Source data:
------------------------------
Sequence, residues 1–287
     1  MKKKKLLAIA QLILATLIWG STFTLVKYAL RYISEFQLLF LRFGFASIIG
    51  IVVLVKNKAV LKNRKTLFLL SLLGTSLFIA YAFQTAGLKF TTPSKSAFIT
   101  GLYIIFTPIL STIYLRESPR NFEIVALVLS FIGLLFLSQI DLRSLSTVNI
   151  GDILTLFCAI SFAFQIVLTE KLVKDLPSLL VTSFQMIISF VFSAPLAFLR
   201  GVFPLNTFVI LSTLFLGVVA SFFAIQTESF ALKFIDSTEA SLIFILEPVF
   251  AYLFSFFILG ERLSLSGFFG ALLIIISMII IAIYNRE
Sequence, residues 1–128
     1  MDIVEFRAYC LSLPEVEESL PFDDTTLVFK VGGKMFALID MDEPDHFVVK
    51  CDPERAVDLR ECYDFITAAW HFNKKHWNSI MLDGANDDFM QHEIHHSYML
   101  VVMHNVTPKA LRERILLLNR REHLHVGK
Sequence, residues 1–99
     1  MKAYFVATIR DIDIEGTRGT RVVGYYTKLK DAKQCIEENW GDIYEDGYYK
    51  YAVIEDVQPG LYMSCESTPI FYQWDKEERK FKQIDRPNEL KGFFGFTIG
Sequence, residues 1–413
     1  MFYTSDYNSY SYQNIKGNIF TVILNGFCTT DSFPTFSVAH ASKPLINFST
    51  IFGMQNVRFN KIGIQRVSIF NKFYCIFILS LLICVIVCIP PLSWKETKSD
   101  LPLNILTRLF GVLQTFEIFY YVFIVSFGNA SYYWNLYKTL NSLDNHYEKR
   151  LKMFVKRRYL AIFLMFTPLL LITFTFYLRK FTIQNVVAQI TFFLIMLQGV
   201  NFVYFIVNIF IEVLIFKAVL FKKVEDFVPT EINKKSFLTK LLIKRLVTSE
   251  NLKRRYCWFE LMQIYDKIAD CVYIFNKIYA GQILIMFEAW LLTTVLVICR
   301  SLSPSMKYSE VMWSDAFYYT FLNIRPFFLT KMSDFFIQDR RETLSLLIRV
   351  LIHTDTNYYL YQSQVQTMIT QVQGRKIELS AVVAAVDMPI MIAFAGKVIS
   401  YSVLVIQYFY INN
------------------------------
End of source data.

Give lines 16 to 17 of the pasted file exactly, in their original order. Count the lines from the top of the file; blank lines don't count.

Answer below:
     1  MFYTSDYNSY SYQNIKGNIF TVILNGFCTT DSFPTFSVAH ASKPLINFST
    51  IFGMQNVRFN KIGIQRVSIF NKFYCIFILS LLICVIVCIP PLSWKETKSD